How to Become a Professional Artist:

Do you know what you want to do with your life? Have you ever felt your dreams and goals of becoming a professional artist are nearly impossible? Today’s article is going to try to help you make that dream a reality (or, a closer reality if you’re too young to have a career). We’ll be talking about the technical sides of having this as a job (classes you need to take, degrees you need to earn, etc.) and the more motivational side such as how to earn a good living with this job.

First off,  there are a couple classes you need to make sure you take in high school. Although it depends on which course you take exactly in the arts/fine arts section, most of them require you to have a 30 level Pre-Calculus or Foundations Math course, and a 30 level English course. You also need to have your high school diploma to get into these courses. Along with all these things, most of these courses require you to put together a portfolio showcasing some of your artwork. The University of Saskatchewan and the University of Regina both offer great courses in the arts and fine arts field of study.

Now that you know the specifics of getting the job, the next goal is to stay motivated and figure out how to earn enough money in your job. One of the greatest things you can do with the job of an artist is be weird! Originality and weirdness is the one of the best qualities an artist can have as it makes their work different and unique when compared to others. This attracts people, and in the end it will probably make you earn more money. Another big thing an artist needs to have is the right mindset for the job. There are quite a few challenges that come along with a job like this, and you need to be prepared on how to handle them in a healthy way! You need to be able to take constructive criticism in a healthy way as well, as this will help you learn and grow in your career.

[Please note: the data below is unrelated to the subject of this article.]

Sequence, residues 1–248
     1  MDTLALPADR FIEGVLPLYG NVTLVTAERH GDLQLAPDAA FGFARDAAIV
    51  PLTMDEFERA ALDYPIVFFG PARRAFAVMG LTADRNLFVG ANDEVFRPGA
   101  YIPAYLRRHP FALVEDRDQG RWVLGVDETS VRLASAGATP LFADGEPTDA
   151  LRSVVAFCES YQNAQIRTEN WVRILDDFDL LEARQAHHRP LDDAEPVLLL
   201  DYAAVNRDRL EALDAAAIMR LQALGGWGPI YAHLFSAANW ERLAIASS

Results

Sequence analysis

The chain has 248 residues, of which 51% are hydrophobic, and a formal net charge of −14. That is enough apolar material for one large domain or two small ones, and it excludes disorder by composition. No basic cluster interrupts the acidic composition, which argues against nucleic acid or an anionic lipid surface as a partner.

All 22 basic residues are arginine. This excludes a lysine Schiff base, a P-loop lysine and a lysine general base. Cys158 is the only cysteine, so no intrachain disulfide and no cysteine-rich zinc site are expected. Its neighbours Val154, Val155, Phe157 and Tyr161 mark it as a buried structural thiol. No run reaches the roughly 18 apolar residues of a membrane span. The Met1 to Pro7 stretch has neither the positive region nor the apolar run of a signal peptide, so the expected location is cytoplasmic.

In the end, this article was only a small glimpse into what the job of an artist is all about, but I hope it was able to give you some valuable information about the skills and academic elements you need to follow this career path! There’s a lot more to being an artist than what meets the eye, and it takes a lot of skills and dedication. It’s definitely a challenging road, but the benefits to this job and getting to do what you love every day is worth it!

Sources:

http://learn.org/articles/Artist_How_to_Become_a_Professional_Artist_in_5_Steps.html

http://www.forbes.com/sites/rachelhennessey/2013/04/02/3-keys-to-making-it-as-an-artist-without-starving/#663a53f75254

http://www.sasktel.com/wps/wcm/connect/924b4537-b266-412a-8e2b-00d56b3f159d/university-regina-campus.png?MOD=AJPERES&CACHEID=924b4537-b266-412a-8e2b-00d56b3f159d

http://www.lightsource.ca/pages/what_is_a_synchrotron

Struggles of Being an Artist:

Everyone struggles with things in life and artists are no exception. Being an artist is actually a lot harder than it looks as it takes a lot of creativity, skill, self discipline, and motivation. Sometimes when artists struggle it’s a dark time because they feel all alone. Therefore, I thought I could put together a small list of struggles that every artist will go through at some point, so you can see that it isn’t just you in these struggles!